“The ‘fee-for-service’ system ‘has all the wrong incentives,’ said Dolores Mitchell, a member of the Special Commission on the Health Care Payment System and head of the state employees’ insurance program. ‘It encourages excessive use and does nothing to discourage waste. People know the system has been dysfunctional for years.’
Back to the D.C. hearing: Cambridge was well represented, with Harvard School of Public Health professor of health economics Katherine Baicker and M.I.T. economics professor Jonathan Gruber both testifying.
Oh yeah, Swine Flu
Last count 115 cases in the state, two hospitalizations, no deaths. End of panic. More cases are emerging, mostly in North America. No one is dying. So that took a little air out of the Globe’s Sunday story on how Harvard, the city and the state dealt with a cluster of infections among Longwood Avenue dental students. Still worth a read:
“Over the next 10 hours on that Thursday a week ago, as afternoon melted into evening, investigators from the city and administrators from Harvard embarked on a race to stop the virus’s spread. Harvard is a temple of medical knowledge where ego and arrogance are not unknown, but by all accounts, the university’s top officials worked seamlessly with Boston’s experienced disease detectives.”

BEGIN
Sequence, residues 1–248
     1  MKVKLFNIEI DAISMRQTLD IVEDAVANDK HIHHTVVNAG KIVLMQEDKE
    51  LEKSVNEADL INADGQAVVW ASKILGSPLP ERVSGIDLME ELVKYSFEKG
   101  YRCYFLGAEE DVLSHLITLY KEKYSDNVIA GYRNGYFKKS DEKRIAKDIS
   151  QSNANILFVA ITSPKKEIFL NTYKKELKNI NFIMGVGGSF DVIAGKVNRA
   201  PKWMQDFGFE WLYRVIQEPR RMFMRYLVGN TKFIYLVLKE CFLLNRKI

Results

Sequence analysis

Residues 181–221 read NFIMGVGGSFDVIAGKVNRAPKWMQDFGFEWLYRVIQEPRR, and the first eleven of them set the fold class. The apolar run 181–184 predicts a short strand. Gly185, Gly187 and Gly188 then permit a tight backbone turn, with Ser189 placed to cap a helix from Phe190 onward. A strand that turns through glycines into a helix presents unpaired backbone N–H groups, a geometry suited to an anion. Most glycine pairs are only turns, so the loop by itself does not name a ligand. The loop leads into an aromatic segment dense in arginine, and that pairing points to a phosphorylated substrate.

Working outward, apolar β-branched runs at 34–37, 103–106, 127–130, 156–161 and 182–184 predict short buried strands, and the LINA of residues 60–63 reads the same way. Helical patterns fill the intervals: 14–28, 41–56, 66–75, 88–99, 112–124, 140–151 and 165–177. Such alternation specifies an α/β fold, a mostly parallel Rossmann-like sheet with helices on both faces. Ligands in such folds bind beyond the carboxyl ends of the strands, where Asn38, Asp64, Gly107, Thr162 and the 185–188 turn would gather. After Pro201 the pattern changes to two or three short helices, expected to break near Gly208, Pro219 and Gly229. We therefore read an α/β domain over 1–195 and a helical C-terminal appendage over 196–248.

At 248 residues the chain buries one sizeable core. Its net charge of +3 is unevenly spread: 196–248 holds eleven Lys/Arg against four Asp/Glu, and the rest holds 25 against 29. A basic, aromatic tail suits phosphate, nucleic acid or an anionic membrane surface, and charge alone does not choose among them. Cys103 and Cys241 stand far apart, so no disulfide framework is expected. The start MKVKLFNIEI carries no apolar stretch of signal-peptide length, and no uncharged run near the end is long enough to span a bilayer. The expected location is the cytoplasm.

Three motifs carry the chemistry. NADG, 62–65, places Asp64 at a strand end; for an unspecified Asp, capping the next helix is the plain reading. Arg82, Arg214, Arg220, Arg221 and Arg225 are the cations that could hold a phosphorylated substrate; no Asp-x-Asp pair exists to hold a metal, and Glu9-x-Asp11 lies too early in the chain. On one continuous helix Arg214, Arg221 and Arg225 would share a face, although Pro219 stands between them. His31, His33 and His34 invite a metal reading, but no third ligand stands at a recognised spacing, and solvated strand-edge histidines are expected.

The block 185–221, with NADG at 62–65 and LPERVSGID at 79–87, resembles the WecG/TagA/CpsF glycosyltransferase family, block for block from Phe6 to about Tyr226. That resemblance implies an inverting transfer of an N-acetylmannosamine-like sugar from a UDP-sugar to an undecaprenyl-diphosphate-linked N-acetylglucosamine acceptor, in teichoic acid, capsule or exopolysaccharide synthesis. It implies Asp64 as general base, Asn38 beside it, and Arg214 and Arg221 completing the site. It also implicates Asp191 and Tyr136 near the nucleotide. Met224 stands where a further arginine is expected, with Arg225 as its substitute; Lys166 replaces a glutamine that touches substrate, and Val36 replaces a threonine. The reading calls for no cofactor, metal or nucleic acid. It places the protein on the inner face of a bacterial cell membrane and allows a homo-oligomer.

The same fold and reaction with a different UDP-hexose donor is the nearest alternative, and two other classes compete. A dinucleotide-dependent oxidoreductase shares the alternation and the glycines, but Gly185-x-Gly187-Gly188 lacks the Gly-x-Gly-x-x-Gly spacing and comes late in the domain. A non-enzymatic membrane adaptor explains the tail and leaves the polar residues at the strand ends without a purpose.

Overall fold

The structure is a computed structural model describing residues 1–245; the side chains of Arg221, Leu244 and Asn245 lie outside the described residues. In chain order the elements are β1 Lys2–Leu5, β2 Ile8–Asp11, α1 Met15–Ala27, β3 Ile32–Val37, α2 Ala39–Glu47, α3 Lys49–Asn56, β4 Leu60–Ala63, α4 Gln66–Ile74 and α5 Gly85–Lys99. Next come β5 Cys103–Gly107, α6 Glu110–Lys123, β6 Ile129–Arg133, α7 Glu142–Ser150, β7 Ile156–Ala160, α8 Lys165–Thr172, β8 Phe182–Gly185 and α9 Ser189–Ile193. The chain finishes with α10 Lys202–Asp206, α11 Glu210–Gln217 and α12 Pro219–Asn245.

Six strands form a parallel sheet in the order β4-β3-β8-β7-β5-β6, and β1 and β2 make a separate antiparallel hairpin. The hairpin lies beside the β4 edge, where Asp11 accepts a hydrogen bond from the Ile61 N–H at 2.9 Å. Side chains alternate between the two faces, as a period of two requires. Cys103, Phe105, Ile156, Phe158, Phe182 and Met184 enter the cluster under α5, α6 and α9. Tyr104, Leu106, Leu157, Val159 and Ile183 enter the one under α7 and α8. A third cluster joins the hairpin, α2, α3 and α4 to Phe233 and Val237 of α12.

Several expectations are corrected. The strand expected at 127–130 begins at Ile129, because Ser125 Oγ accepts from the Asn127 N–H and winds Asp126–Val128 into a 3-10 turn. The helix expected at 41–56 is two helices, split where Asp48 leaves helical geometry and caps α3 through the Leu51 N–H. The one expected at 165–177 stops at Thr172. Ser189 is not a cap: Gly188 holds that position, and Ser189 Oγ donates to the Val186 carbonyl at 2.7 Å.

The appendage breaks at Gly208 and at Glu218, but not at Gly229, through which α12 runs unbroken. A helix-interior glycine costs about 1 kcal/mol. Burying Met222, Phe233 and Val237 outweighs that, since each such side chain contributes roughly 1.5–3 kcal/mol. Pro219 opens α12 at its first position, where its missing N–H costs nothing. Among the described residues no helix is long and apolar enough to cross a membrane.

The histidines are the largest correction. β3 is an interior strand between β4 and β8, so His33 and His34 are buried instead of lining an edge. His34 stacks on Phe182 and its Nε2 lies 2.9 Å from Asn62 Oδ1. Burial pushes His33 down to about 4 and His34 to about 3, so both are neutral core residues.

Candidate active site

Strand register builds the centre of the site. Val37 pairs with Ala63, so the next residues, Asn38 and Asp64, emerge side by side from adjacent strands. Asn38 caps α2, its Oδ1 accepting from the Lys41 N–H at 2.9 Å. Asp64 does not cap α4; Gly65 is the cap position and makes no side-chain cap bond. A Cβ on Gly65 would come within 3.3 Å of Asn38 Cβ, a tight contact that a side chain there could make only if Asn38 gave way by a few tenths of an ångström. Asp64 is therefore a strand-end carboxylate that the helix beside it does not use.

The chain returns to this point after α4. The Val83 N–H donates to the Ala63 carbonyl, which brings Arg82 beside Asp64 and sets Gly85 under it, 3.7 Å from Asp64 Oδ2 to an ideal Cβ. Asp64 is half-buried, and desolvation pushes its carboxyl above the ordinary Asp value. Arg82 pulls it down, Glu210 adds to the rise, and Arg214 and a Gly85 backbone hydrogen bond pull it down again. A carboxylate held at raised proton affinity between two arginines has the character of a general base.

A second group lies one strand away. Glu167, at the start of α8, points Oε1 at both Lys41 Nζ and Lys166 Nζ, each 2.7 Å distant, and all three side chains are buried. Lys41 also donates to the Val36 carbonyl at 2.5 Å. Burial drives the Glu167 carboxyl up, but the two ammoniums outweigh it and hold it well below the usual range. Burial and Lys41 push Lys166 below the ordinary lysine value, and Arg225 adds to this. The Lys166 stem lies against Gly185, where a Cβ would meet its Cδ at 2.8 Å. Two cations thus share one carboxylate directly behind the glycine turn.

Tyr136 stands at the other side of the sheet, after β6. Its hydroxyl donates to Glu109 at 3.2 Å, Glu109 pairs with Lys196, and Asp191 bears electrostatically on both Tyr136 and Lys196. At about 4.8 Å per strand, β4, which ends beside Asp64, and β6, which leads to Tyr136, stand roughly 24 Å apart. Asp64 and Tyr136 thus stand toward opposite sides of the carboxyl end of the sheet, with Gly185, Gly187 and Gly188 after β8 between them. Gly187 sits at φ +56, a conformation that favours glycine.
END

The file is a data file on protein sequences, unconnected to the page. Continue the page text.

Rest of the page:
Back to health reform: The big Massachusetts player
The Globe’s story Sunday on Ted Kennedy’s last push on health reform passed was, well, a little sentimental. But this is Boston and we’re talking about a Kennedy brother with a fatal illness:
“Given a grim diagnosis last May 20 – a malignant glioma in his brain, a fast-growing tumor that has taken the lives of many of its victims in a matter of months – Kennedy made a difficult decision: He would battle the tumor with aggressive, exhausting treatment, following the advice of the best doctors he could find.
“And except for carving out more time with his family, Kennedy decided to spend all his remaining workdays trying to give all Americans access to quality healthcare.